infringe on the citizens’ religious liberties.


    1. How was Jefferson’s “Statute for Religious Freedom” used in the Federal Constitution?

    The first amendment to the Constitution (part of the Bill of Rights) says that  “Congress shall make no law respecting an establishment of religion, or prohibiting the free exercise thereof…”


    1. No unreasonable searches and seizers

       4th amendment


    1. Define “Separation of Powers.”

          The three branches of government each have some power


    1. Define “Checks and Balances.”

    Each of the three branches has some power over the other two branches.  No one branch has total power.


    1. What are the two houses of Congress?

          The House of Representatives and the Senate




    1. A well regulated militia, being necessary to the security of a fee state, the right of the people to keep and bear arms should not be infringed.

       2nd amendment


    1. What can a president do if he does not like the bill that congress sends him?

          Veto it


    1. If a president vetoes a bill, how can a bill still become a law?

          The two houses of Congress, the Senate and the House of Representatives, can            "override" the veto with a 2/3  vote


    1. What was James Madison’s contribution to the creation of the U.S. Constitution?

          He is known as the "Father of the Constitution", because he provided many of the ideas for

          the Constitution, was very involved in the debates, and convinced George Washington to be



    1. What is the Bill of Rights?

    The first ten amendments to the Constitution.  Its focus was on protecting individual   liberties.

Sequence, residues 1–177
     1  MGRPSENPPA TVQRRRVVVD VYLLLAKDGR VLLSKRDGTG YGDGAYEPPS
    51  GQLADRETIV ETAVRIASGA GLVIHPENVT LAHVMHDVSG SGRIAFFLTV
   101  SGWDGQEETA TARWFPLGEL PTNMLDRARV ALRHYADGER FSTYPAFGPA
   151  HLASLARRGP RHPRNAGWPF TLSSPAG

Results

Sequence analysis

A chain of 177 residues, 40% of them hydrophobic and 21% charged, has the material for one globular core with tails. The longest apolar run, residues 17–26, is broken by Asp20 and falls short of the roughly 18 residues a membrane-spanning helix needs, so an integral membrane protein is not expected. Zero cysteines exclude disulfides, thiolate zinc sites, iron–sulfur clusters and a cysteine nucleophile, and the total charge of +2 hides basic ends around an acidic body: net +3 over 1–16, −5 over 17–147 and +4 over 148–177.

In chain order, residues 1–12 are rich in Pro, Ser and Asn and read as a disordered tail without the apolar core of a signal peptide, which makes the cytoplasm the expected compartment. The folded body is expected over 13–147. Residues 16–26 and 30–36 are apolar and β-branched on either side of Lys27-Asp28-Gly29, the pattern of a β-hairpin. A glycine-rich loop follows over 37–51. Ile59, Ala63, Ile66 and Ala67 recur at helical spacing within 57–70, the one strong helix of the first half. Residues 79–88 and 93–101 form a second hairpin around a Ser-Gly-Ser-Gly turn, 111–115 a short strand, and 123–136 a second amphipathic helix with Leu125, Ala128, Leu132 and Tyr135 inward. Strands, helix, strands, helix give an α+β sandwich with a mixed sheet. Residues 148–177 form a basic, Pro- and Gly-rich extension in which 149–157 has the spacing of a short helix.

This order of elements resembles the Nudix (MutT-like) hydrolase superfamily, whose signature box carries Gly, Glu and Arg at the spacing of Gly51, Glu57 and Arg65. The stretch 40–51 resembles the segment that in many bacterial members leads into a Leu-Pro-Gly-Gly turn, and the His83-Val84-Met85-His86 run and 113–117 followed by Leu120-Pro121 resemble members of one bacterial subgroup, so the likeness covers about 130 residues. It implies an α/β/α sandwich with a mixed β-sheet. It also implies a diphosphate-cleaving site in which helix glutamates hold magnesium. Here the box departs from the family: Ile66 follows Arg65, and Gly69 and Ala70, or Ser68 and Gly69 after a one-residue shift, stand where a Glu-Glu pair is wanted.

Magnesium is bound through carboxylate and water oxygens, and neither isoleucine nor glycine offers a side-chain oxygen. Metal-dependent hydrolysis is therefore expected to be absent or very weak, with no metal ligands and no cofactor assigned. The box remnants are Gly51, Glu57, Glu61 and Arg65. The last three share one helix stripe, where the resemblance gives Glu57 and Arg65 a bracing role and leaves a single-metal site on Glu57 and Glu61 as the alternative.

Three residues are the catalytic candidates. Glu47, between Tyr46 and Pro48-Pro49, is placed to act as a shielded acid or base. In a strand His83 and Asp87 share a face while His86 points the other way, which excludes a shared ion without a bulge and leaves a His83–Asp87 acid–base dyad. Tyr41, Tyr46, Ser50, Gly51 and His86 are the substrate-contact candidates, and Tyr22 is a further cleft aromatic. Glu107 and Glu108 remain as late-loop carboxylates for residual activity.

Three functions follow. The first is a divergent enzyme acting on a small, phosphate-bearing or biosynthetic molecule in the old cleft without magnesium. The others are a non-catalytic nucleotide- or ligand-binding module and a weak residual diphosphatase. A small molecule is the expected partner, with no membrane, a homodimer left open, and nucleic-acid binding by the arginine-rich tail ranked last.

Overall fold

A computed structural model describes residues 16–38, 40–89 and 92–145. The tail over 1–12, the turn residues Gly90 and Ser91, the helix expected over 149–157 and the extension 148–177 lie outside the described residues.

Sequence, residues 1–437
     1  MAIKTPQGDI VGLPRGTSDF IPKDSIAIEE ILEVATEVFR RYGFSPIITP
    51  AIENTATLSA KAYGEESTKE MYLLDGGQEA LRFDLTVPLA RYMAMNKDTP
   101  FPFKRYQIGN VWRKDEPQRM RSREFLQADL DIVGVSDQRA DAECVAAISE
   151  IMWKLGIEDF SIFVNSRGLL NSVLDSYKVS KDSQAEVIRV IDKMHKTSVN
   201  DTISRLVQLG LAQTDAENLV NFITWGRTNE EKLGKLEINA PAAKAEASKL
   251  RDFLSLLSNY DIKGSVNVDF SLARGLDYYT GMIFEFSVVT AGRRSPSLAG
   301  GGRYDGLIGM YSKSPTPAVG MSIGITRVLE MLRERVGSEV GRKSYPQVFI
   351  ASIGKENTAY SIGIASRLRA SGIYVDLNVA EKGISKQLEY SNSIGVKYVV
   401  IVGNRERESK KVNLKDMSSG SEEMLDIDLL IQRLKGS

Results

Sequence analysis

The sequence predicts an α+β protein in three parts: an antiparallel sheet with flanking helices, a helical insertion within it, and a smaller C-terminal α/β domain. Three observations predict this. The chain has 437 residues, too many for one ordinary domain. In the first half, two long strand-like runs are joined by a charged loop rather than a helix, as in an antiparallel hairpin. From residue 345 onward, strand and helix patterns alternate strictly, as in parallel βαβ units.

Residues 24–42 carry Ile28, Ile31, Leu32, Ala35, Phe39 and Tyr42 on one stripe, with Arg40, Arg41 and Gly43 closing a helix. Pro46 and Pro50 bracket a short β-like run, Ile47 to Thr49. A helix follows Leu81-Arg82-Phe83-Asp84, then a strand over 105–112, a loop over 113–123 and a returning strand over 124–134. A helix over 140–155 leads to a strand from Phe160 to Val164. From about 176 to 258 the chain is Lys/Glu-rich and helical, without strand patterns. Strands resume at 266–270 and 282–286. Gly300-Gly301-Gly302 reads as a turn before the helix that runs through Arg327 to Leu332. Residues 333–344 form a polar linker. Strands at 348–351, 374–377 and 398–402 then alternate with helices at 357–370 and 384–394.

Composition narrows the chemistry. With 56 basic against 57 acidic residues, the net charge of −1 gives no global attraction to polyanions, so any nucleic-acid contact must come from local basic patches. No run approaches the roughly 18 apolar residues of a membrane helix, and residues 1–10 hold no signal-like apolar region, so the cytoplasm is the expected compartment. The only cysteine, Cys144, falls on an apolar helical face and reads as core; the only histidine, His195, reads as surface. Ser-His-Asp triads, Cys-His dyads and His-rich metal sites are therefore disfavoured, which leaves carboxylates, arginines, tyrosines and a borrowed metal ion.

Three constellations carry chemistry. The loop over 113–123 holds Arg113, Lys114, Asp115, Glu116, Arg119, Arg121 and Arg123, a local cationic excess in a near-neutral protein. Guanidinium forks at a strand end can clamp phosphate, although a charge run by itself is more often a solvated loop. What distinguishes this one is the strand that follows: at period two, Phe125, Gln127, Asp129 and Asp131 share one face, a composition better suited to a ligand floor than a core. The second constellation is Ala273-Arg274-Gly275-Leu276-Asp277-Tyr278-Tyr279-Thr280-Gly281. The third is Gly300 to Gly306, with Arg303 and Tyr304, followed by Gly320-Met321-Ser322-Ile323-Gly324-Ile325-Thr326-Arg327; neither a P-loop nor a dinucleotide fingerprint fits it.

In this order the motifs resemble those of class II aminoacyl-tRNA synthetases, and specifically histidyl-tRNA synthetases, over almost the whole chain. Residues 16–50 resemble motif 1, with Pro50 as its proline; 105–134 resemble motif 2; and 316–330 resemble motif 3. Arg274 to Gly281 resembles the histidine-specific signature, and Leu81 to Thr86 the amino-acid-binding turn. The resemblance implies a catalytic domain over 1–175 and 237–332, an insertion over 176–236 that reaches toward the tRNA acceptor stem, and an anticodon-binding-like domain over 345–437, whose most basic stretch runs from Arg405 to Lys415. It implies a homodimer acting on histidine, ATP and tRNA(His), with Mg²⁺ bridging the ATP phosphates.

1. The number of votes each state has in the Senate is determined by what?

          Each state gets two senators


    1. How many members make up the Supreme Court?



    1. How many votes does a bill need to pass in the House of Representatives (not when overriding a veto)?

          A majority (a little over 50%)


    1. Describe what would happen if congress believed that the president broke the law.

          The House of Representatives could impeach the President.  The President would then

          be put on trial in the Senate.  If found guilty, the president would be kicked out of office.


    1. What form of government do we have in the United States?

          Constitutional Republic


    1. What are some “checks” the president (executive branch) has on the power of the other two branches?

       The president appoints judges.  The president can veto bills.  The president is the supreme

       commander of the military.


    1. What are some “checks” the congress (legislative branch) has on the power of the other two branches?

       The congress can override a veto.  The congress can impeach the president and supreme

       court justices.  The congress approves the money for the military.


    1. What are some “checks” the Supreme court (judicial branch) has on the power of the other two branches?

    The Supreme Court may declare the president’s actions unconstitutional.  The Supreme

    Court may declare laws unconstitutional.